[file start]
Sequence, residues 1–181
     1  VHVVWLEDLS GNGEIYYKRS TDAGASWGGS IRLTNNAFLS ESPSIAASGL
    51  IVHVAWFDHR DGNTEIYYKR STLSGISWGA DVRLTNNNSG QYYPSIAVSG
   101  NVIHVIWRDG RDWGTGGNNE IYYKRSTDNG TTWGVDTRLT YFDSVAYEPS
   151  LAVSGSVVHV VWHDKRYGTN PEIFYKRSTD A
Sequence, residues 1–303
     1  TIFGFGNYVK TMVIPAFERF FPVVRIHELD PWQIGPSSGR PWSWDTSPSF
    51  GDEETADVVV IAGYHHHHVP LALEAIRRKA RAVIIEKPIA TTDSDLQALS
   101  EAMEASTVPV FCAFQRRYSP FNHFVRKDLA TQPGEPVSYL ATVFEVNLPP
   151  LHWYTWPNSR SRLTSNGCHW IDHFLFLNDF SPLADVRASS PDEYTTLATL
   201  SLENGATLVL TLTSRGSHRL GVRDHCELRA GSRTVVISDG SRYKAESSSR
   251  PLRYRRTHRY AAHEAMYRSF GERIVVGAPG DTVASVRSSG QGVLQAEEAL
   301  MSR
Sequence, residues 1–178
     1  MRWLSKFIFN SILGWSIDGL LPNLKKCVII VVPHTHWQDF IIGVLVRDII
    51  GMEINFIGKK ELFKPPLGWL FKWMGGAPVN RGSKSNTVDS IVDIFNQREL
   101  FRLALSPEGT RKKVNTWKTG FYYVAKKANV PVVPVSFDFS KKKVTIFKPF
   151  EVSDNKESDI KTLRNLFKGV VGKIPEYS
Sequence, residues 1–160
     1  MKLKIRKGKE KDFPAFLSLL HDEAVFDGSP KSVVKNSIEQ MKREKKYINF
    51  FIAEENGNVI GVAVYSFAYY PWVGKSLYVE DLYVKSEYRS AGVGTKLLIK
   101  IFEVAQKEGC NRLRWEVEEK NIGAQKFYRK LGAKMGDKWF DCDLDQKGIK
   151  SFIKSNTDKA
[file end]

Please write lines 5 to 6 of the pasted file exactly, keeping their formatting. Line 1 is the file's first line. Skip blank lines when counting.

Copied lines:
   151  LAVSGSVVHV VWHDKRYGTN PEIFYKRSTD A
Sequence, residues 1–303